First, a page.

Brittney Riffel has thought a lot about what she will tell her daughter about the father and uncle she will never meet.
Brittney was seven months pregnant when her husband, Melvin Riffel, and his brother, Bennett Riffel, were among 157 people who died when Ethiopian Airlines Flight 302 crashed soon after takeoff the morning of March 10, 2019.
The brothers were on their last big adventure together before Melvin became a father. They had dropped Brittney off to fly home to Redding before they continued on to Nairobi.
Emma Riffel was born two months after the crash.
“I am not worried about it because he was such a bright light and he was very well known that not only myself will be able to tell her about him, but all his friends and family,” Brittney said of her late husband.
She said Emma looks like her dad and has his personality.
“Everybody who sees her basically sees Melvin. I am not even in the picture,” Brittney said with a chuckle. “And her personality, she is so full of life; she loves to be outdoors. ... She has some Bennett in her, too.
“She is a full force. It’s great.”
Brittney, a registered nurse, has gone back to school to become a gerontology nurse practitioner. She is taking classes online.
“Basically, you take care of the older generation. My whole career has been in the skilled nursing facility environment. That’s the main reason I want to take care of the older generation,” she said.
Brittney grew up in Redding and went to West Valley High School in Cottonwood, where she graduated in 2004.
Both Melvin and Bennett attended St. Joseph School in Redding and graduated from Shasta High School, Melvin in 2007, Bennett around 2010.
'Grossly insufficient': House report excoriates Boeing, FAA over mistakes that led to 737 Max crashes
While Melvin lived and worked in Redding at the California Department of Transportation, Bennett was a technician for an IT support company in Chico.
Brittney met Melvin at Shameless O’Leery’s in downtown Redding in late 2013. They were married in 2017.
“We met through friends,” she said. “I had my group of friends and we all knew each other.”
She said it’s hard watching Emma grow up without Melvin there to share.
“That’s been a struggle just not having him in my life because he was lifted away so rudely,” Brittney said. “He’s missing out on our girl, our future together. It’s been a very long and sad road, but I am very grateful. I have a lot of friends and family.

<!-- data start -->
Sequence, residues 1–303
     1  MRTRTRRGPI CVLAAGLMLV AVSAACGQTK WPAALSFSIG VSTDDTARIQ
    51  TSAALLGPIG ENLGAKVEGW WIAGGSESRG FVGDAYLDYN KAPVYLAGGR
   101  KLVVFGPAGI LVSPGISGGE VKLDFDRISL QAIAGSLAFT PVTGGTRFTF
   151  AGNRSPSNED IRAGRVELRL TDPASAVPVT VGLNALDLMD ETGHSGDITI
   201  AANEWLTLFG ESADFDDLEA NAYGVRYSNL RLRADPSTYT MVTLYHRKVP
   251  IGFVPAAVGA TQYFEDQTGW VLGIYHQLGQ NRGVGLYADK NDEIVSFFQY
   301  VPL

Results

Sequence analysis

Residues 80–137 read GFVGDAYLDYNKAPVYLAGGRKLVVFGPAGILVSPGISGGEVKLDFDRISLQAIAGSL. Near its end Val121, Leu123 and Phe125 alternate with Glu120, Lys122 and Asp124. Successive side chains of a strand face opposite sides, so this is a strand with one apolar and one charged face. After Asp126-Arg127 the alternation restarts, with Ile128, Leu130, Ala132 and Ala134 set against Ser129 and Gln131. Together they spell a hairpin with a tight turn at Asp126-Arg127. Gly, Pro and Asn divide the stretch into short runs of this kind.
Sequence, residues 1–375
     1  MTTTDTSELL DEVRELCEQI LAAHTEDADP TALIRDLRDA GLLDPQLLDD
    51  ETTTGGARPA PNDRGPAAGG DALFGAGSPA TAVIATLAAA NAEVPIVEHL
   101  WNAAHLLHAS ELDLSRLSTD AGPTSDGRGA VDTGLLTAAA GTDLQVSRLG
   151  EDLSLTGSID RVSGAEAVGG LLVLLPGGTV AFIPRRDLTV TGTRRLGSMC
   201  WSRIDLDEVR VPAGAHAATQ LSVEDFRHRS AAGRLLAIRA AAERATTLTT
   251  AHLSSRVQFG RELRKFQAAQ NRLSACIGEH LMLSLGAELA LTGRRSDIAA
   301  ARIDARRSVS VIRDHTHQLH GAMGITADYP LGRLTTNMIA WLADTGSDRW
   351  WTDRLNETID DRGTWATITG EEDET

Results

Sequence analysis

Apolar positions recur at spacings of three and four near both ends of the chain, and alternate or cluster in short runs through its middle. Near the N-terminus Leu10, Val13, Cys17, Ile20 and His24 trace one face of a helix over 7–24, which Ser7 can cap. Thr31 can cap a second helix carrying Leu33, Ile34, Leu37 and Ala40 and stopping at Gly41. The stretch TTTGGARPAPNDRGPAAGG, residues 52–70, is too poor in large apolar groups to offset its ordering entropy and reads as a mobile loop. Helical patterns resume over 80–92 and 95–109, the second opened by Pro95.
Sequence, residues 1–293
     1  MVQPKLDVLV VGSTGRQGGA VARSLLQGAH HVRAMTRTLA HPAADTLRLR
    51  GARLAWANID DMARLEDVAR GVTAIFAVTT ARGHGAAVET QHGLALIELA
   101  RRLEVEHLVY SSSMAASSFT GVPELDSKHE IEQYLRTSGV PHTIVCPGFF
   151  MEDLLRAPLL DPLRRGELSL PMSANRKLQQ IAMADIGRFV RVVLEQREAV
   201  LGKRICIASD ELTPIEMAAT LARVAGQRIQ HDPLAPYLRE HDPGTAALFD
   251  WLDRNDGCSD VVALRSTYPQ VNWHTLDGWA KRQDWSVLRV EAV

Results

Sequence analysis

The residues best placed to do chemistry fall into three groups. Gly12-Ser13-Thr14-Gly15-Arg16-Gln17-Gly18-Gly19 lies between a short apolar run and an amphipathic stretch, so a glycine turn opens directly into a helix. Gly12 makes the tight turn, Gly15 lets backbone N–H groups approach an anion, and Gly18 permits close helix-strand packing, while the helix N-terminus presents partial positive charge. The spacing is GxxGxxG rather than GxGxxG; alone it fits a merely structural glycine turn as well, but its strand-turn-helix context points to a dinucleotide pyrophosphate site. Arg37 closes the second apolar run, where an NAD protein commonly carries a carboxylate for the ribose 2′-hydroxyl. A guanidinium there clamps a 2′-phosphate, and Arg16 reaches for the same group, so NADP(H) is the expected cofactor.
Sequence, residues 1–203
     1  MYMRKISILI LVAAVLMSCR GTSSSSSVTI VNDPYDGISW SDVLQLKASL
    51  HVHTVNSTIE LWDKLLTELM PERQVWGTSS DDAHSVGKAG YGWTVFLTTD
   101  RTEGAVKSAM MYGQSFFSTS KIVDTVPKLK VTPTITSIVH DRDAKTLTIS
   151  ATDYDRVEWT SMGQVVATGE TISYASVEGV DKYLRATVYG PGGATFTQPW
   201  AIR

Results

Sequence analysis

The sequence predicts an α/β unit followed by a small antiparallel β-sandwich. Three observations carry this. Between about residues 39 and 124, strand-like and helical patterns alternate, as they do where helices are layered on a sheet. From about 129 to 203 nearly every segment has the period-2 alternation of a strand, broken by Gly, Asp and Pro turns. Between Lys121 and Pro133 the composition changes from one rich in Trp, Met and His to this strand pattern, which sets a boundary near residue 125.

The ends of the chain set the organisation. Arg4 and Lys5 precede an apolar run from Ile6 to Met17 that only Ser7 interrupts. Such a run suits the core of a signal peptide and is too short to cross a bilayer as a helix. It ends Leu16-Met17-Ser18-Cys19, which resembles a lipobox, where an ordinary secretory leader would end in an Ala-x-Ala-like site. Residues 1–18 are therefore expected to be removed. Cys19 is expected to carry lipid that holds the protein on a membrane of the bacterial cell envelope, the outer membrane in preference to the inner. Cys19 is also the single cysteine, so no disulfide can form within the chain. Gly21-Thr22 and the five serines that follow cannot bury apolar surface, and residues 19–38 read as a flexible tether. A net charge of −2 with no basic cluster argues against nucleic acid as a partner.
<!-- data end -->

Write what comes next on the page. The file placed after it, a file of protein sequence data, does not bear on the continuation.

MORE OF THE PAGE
“I’m very blessed to have Emma. She brings a lot of joy and blessing in my life.”
Melvin and Bennett's parents, Susan and Ike Riffel, live just up the street from Brittney in west Redding. Her parents, Steve and Tina Felch, live in Hayfork.
After Emma was born, "they lived with me for several months and helped me," Brittney said of her parents.
Brittney is creating a hope chest of memories for Emma.
“So it will have a lot of his personal belongings. I’ve taken screen shots of what people have said about both of them when they first passed away and I want to make that into a book, so she can read how others viewed her uncle and father,” Brittney said.
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She spoke to the Record Searchlight by phone Wednesday afternoon, the same day a congressional report came out that was critical of Boeing and the Federal Aviation Administration over mistakes it said led to two 737 Max crashes — the Ethiopian Airlines crash last year and a Lion Air crash in October 2018.
“The report pinpoints multiple times engineers questioned the safety of features that went into the jet, only to have their concerns dismissed as lacking importance or jeopardizing the development timeline or budget, the report finds,” according to a USA TODAY story.
Brittney says having so many family members and friends around helps.
“You know, it helps out a lot, but it doesn’t negate or take away from the fact that Melvin is still not here, and Bennett is still not here and just the hardest part, you know, is everything was preventable,” Brittney said.
She is among 68 families of victims being represented by Clifford Law Offices in Chicago. The lawsuit is pending in U.S. District Court in Chicago, spokesman Gary Hanauer said.
“Our families and friends are fighting this uphill battle so we can do all in our power to stop this from happening to other people, and to bring what little justice we can to our loved ones. I wouldn't wish this pain on anyone,” Brittney said in a statement through Hanauer.
Brittney said the 737 MAX 8 is dangerous.
“If I had my way, I would never want to see the MAX 8 ever be in the air again,” she told the Record Searchlight.
David Benda covers business, development and anything else that comes up for the USA TODAY Network in Redding. He also writes the weekly "Buzz on the Street" column. He’s part of a team of dedicated reporters that investigate wrongdoing, cover breaking news and tell other stories about your community. Reach him on Twitter @DavidBenda_RS or by phone at 1-530-225-8219. To support and sustain this work, please subscribe today.
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